The 12-Step Program was created by Bill Wilson and Dr. Robert Holbrook Smith, the founders of Alcoholics Anonymous. The steps to recovery were first published in the organization’s basic textbook in 1939. Over time, word of the program’s success spread, and the organization’s numbers grew well into the thousands. The treatment strategy eventually became known as the 12-Step Program.
Since its existence, the 12-Step Program has been used by a variety of addiction treatment organizations. It assists individuals addicted to chemical substances, nicotine, gambling, eating, shopping, and sex in successfully recovering from their addictions. The program’s primary goals center on accountability for one’s actions, peer support, and encouragement. While there is an emphasis on God and acceptance of a higher power, the program welcomes all individuals, regardless of their religious and spiritual beliefs or lack thereof.
The 12-Step Program is comprised of 12 individual actions that each addict attempts to accomplish. While addicts must work through all of the steps to successfully finish the program, there is some flexibility with the order in which they complete them. In fact, members are often encouraged to revisit steps when necessary or work on multiple steps at the same time, if applicable. Furthermore, individuals who have completed the 12-Step Program often choose to start over and complete the steps again, making this form of treatment a lifelong process.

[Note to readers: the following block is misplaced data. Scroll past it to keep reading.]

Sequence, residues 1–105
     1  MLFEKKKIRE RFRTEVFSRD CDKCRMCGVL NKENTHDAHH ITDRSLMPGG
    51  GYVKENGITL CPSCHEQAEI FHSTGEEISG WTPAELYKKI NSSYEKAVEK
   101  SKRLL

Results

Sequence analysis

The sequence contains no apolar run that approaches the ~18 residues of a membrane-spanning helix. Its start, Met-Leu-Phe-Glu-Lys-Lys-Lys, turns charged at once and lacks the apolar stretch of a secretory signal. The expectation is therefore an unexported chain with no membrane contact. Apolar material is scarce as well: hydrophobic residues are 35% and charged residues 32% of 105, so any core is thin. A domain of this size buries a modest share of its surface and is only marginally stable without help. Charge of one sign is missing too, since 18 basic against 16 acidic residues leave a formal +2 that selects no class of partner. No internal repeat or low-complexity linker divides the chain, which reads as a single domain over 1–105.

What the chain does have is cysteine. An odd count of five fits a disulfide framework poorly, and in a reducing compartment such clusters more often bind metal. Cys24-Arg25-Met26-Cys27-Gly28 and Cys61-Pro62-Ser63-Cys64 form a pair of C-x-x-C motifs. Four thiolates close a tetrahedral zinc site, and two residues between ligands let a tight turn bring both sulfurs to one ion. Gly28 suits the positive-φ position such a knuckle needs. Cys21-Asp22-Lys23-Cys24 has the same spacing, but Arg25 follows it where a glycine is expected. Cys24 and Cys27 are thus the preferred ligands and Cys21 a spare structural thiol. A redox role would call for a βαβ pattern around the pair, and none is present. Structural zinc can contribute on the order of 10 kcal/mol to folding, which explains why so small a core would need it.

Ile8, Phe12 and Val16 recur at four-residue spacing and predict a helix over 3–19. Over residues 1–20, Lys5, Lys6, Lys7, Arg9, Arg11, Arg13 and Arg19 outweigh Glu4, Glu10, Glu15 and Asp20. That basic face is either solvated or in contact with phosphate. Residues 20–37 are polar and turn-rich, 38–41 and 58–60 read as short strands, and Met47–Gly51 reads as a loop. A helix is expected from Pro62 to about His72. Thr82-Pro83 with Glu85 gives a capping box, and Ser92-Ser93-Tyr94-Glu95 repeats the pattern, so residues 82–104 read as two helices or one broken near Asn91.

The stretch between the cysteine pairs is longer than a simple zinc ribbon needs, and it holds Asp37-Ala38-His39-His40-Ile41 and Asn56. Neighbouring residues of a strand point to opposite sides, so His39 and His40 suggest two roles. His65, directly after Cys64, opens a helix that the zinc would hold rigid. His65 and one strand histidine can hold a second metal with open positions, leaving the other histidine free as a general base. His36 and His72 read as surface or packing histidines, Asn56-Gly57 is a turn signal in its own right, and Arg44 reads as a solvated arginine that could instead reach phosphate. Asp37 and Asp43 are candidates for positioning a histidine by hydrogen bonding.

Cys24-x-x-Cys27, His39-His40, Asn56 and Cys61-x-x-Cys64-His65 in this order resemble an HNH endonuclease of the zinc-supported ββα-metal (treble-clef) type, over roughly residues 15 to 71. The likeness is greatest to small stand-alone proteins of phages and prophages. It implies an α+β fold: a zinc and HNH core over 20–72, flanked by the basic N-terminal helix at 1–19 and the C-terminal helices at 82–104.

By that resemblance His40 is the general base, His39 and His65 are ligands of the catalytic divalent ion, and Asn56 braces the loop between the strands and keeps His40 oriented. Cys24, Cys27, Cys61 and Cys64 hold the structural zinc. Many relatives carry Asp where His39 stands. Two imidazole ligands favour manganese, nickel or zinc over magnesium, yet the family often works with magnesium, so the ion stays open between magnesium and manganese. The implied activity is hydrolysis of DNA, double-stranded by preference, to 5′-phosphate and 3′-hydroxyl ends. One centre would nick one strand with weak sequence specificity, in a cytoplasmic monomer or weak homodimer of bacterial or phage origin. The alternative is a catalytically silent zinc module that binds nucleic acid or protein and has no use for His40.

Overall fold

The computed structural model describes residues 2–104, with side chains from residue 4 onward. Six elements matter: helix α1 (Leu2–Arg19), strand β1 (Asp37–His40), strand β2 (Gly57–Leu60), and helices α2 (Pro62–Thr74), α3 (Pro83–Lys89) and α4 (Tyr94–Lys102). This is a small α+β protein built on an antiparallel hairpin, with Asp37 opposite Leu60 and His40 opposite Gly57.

Just as the 12-Step Program is followed by individuals seeking recovery from substance addiction, the 12 Traditions are meant to guide groups through the recovery process. These traditions act as a set of guidelines for Alcoholics Anonymous groups and are often adapted by other recovery programs. They are an essential part of The Big Book, which is the guide by which all Alcoholics Anonymous and many other recovery groups structure their programs.
The hallmarks of the 12-Step Program help ensure that substance abusers who participate in the program can begin recovering from their addiction and sustain long-term sobriety or abstinence from their addiction.
Willingness to believe in a higher power